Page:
The general rule is still the only applicable portion of the rules I found. Here is the text of the rule, as of 3/14/17:

A Member, officer, or employee may accept a gift (other than cash or cash equivalent) which the Member, officer, or employee reasonably and in good faith believes to have a value of less than $50, and a cumulative value from one source during a calendar year of less than $100. No gift with a value below $10 shall count toward the $100 annual limit. No formal recordkeeping is required by this paragraph, but a Member,officer, or employee shall make a good faith effort to comply with this paragraph.

Now, maybe the person sorting mail thought the paperback copy of The Diary of a Young Girl cost more than $50. Though, I doubt it. The price, $6.99, is listed on the back.

Second, if the senator appreciated my thoughtfulness so much, why did he send the letter back? He could have at least kept that.

Finally, I’d like Mr. Cameron to rest assured that I never believed Senator McConnell’s returning my book was somehow my fault.

Going forward, my plan is to print out the senate gift rules and send the package back to Senator McConnell with the print out. It doesn’t seem that Representative Ryan is interested in listening, so I’ll send his copy to someone else.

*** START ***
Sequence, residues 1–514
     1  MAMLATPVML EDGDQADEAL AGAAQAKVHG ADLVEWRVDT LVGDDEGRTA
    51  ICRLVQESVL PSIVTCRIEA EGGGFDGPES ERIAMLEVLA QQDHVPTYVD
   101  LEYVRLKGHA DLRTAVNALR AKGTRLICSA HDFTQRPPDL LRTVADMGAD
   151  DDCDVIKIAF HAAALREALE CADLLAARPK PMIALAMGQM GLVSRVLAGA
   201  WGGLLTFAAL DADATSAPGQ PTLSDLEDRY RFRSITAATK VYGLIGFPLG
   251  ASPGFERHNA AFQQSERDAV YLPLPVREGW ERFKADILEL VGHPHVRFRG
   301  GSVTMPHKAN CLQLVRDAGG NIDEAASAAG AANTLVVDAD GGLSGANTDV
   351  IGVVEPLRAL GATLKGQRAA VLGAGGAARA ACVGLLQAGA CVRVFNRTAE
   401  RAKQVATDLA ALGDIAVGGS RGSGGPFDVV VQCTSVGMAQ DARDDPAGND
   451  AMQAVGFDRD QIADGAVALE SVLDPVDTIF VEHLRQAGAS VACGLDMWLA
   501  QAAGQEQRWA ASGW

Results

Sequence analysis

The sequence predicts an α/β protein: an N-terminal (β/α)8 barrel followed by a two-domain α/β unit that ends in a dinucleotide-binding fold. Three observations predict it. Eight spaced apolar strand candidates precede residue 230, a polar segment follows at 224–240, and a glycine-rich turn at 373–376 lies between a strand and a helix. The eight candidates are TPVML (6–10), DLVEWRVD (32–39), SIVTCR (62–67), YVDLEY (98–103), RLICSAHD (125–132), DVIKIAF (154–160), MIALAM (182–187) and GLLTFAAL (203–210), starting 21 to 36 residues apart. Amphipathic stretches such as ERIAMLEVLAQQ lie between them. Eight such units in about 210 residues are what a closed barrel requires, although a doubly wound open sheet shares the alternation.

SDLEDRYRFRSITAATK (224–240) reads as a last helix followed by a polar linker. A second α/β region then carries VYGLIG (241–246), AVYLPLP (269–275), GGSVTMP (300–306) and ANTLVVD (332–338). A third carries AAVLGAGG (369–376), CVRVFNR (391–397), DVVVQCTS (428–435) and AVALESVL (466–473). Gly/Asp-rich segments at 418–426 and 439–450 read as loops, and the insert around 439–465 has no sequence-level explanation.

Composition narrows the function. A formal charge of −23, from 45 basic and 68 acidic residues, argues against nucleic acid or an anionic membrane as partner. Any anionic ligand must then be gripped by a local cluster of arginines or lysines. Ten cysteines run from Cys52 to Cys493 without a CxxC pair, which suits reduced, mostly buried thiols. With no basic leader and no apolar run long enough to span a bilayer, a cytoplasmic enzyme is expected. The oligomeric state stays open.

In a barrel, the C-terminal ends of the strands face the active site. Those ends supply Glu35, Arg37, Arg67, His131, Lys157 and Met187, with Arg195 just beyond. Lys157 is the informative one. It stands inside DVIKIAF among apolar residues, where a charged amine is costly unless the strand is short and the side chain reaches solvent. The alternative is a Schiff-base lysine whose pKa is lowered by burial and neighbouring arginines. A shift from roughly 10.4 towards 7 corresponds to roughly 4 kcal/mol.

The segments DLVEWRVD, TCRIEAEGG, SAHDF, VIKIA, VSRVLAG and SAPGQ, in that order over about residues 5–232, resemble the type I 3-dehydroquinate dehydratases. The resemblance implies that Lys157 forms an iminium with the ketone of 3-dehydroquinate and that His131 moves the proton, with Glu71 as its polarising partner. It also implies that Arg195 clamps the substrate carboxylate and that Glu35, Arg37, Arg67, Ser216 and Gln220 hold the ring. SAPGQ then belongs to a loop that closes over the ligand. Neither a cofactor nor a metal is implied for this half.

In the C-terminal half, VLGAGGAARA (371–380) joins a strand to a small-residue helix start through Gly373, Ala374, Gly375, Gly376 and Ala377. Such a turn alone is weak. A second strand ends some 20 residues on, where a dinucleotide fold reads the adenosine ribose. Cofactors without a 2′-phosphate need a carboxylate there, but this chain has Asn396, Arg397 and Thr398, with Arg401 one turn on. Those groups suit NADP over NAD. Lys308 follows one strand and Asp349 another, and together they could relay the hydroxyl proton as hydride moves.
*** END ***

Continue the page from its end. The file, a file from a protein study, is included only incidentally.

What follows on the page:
If you have any suggestions about who should get Speaker Ryan’s copy or have any questions about how you, too, can remind our elected officials of the gravity of their jobs, let me know in the comments.

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5 thoughts on “Rep. Paul Ryan and Sen. Mitch McConnell returned the copies of Anne Frank I gave them

  1. Send the book the Ryan’s house in Wisconsin. I have heard that he isn’t accepting any mail at his office.

  2. Love what you have done… and your continued interest in finding the book a home. Sean Spicer? Not an elected official and I feel like he could crack soon from all the lies he is being forced to defend. A gesture like this might just remind him of the harm he is doing… keep up your good work!!

  3. Despite his choir-boy looks, Ryan is the meanest of the three. Sort of expected from someone who requires his entire staff to read Ayn Rand.

  4. When people are looking out for themselves – not for the people and constitution they swore to uphold – kindly shaming them is the best we can do right now along with a lot more letters of this kind. Thanks

  5. I’m a little unsure of what your expectation is on this matter. It is a good gesture however perhaps you should allow us into your story a bit more to understand what you want them to do with your books. Clearly they all have different ideas and ethics. But you seem very anger about this and confused. What did you actually expect from these individuals?